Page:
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A still shot from "Trigger Warning" Episode 106 pictures (left to right) Hamza Haq as Dr. Bashir "Bash" Hamed and Jihn Hannah as Dr. Jed Bishop.

Arts, Culture & Media

TV series ‘Transplant’ follows Syrian refugee doctor as he resettles in Canada

Actor Hamza Haq is the star of “Transplant.” He joined The World’s host Marco Werman from Toronto.

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A still shot from "Transplant" episode 106, "Trigger Warning," pictures (left to right) Hamza Haq as Dr. Bashir "Bash" Hamed and Jihn Hannah as Dr. Jed Bishop.

Credit:

Yan Turcotte/Sphere Media/CTV/NBC

Medical dramas are a dime a dozen on TV. You can probably picture one now: scenes of hospital gurneys being rushed into operating rooms, workplace romances, that type of thing.

Related: He survived torture in a Syrian prison. Now, he’s set to study in the US.

But a new Canadian series — now airing to an American audience Tuesdays on NBC — puts a fresh spin on the genre.

“Transplant” follows a young Syrian refugee and doctor who resettles in Canada. While working at a hospital in Toronto, he’s also creating a new life for himself and his younger sister.

Related: Netflix's ‘Indian Matchmaking’ stirs conversation about tradition, colorism and caste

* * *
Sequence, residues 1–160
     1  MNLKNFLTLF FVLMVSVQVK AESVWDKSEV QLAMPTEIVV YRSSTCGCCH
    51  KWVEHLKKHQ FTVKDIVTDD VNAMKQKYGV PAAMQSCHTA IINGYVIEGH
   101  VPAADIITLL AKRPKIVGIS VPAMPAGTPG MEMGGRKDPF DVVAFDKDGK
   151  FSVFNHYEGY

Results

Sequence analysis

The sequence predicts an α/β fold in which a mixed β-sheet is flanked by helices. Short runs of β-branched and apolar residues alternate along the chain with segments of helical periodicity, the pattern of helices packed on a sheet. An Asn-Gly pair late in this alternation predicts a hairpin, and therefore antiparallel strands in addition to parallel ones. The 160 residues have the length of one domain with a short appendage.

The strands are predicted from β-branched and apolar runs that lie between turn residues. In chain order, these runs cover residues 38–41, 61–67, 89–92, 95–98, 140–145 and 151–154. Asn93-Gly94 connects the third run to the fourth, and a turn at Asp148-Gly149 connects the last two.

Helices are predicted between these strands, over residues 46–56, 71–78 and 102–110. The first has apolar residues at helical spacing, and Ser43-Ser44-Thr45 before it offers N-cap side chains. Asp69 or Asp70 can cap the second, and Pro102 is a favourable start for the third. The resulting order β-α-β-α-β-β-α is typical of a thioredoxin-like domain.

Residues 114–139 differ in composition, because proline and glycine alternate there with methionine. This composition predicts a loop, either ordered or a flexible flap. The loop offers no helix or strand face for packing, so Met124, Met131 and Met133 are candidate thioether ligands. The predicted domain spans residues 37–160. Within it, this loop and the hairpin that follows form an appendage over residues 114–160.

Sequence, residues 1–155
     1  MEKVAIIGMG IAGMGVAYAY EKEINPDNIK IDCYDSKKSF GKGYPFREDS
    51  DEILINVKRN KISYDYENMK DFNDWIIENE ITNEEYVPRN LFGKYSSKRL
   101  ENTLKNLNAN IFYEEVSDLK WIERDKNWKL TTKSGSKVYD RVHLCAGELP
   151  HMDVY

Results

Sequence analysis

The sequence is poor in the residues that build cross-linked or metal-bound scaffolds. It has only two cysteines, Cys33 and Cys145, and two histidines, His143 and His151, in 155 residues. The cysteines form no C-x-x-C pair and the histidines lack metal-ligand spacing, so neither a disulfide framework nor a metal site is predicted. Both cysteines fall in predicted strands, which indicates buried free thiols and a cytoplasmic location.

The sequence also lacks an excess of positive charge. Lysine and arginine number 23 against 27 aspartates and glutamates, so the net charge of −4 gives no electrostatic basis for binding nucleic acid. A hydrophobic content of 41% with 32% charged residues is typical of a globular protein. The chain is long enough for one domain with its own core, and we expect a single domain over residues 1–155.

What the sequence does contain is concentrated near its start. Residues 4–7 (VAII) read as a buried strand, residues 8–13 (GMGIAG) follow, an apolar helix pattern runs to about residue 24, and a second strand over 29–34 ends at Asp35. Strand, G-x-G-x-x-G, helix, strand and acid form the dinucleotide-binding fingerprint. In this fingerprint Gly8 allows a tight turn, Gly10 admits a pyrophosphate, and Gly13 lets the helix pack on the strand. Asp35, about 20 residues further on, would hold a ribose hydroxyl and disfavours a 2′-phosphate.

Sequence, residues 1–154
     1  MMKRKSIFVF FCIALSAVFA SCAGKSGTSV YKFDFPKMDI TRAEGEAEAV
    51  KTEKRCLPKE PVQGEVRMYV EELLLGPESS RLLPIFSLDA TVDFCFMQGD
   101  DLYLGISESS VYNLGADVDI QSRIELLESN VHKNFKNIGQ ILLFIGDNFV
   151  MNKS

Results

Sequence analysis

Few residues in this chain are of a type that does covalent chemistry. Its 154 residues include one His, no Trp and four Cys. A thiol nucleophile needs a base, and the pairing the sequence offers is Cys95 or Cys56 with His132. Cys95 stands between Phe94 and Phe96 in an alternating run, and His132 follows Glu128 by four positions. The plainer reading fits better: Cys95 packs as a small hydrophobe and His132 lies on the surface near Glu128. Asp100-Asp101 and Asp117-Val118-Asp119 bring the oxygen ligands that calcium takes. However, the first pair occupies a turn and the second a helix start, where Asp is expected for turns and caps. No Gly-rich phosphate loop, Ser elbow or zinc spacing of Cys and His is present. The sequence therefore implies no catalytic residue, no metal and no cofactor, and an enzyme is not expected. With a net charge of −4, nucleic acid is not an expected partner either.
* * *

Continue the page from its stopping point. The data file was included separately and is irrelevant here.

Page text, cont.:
Actor Hamza Haq is the star of “Transplant.” He joined The World's host Marco Werman from Toronto.

Marco Werman: Tell us about your character, Dr. Bashir Hamed. When we first meet him, he’s working in Toronto at a restaurant. Where is he in his life when the series begins, what’s his story?

Hamza Haq: When we open on it, we see the story that is all too common in immigrant and refugee circles, which is that someone who’s highly qualified but their accreditation or qualifications don’t transfer over and they find themselves working any job that they can. So, you have this trauma surgeon making shawarmas and serving sandwiches trying to make ends meet.

So, we open on young Bashir Hamed, sweaty, good looking, making sandwiches, and then a truck comes careening into the restaurant and destroys everything. It’s absolute chaos. And out of the ashes rises our once-line-cook Bashir who reveals he’s actually a very skilled and trained trauma surgeon who ends up saving all these peoples’ lives. Through that, he’s given an opportunity to redo his residency and prove himself as a skilled doctor — as the skilled doctor that he is.

As the series goes on, we see Dr. Hamed dealing with things that viewers might not usually see in a medical drama: like microaggressions at work, the hospital lawyer drills him about not having his medical school transcripts even though he can’t get them because they’re in Syria. What do you think sets this show apart from other medical dramas?

There're immigrants and refugees in every show that we see, and they’re never given the spotlight. The difference here is you actually see a different dimension to a character you may have seen in other shows, but you never get to go home with them. We explore things on this show that are foreign to a lot of people because they’ve not been accurately represented in mainstream media.

Apparently, you worked pretty closely with the show’s creator and runner Joseph Kay to shape your role, informed, in part, by your own experience immigrating to Canada from Saudi Arabia as a kid. Tell us about that and what parts of that experience you wanted Kay to hew close to.